In the summer of 1960, the Star Tribune sent photographers to snap a shot of every corner in downtown Minneapolis. This is the latest installment in a series that takes a closer look at those pictures, and passes on a few pieces of Minneapolis history.
Let's start with a late winter picture of a familiar street corner.
It is familiar, right? Perhaps not the buildings on the right. But the taller structures are part of the Chamber of Commerce/Grain Exchange complex, three buildings where fortunes were made by shouting prices at other people in a big room. Details:
Peeking out from the corner on the left is the top of the Metropolitan Building, the loss of which is an obligatory lament during any discussion of downtown history.
At least no one had it in their bright buzzy noggin to tear down the Grain Exchange. That’s the dark, square building on the left-hand corner.
It was a startlingly modern building for 1902. Never mind the steel-frame construction, a first in town -- the exterior decorations broke with all historical precedent, swapping classical details for floral abstractions based on the new principles of Louis Sullivan.
By the time they built the taller building in 1928, the organic abstractions of Sullivan’s style had fallen out of favor. They really weren’t that popular to begin with, to be honest; we love the Sullivan-inspired work today, but it’s rare, and you suspect it struck too many people as a bit ... weird.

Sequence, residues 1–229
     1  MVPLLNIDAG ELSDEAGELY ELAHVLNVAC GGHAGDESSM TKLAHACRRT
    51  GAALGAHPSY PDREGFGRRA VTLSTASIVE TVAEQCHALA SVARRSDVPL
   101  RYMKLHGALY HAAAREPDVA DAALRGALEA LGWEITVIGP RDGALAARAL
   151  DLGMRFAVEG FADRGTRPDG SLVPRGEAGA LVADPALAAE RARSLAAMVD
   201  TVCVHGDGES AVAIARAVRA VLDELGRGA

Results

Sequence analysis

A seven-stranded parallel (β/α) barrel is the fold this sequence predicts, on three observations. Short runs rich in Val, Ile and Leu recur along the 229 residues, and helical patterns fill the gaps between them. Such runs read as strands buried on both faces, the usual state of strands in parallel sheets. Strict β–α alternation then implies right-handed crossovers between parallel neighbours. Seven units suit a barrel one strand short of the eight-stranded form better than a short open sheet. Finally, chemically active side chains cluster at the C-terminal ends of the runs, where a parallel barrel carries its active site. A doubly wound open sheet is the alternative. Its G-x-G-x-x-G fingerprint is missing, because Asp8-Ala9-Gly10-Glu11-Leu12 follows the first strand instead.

So the new building was designed in the safe, sober classical style. It took its cues from an era two millennia past. And it was the latest thing.
A hint of the Grain Exchange’s interior can be seen here:
The windows of the trading room. The Library of Congress has a few from the inside; you can line up the windows to see what was where.
But one couldn’t trade grain all day; you needed to eat. A selection of small, unimpressive restaurants occupied the small, unimpressive building on the corner:
Richard’s, and a cafeteria named “424 Cafeteria.” But then there was a place that was the source of more merriment than its shopworn front suggested.
It’s the Little Wagon. As in “he fell off the.” It used to be the Star Tribune’s watering hole, back in the time when journalists would put away a few at lunch time. As the Strib’s Neal St. Anthony wrote when its last incarnation closed in 2007:
“A downtown Minneapolis bar and grill since the Great Depression, the Wagon boasts generations of sometimes-listing patrons -- cops, printers, lawyers, judges, politicians, orchestra conductors, bankers, brokers, grain traders, musicians, artists, scribes and others.”
This is a genuine glimpse into bygone Minneapolis:
“In 1983, Mayor Don Fraser cut the ribbon at a ceremony for the new first-floor bathrooms at the Wagon. Downtown Minneapolis was hungry for any investment in those days. As a practical matter, customers were happy that they no longer had to risk falling down the rickety steps leading to the old, dank, far-too-aromatic basement bathrooms.”
Those were the days. The block was torn down in 1992 for the Jerry Haaf parking ramp, named after a murdered cop. The Wagon reopened on the ground floor of the ramp, but of course it wasn’t the same; it’s been gone for years.
But the rest of the block looks the same. We may lament the loss of the smaller, human-scaled buildings, but c’mon: it was a dump. The Haaf ramp is one of the better-looking parking ramps downtown, and it's on the skyway thread through the block to the new Wells Fargo tower, overlooking the new park, en route to the new stadium. It’s a world the Wagon habitués would have been stunned to see in 1967 -- to say nothing of the Grain Exchange traders from 1917.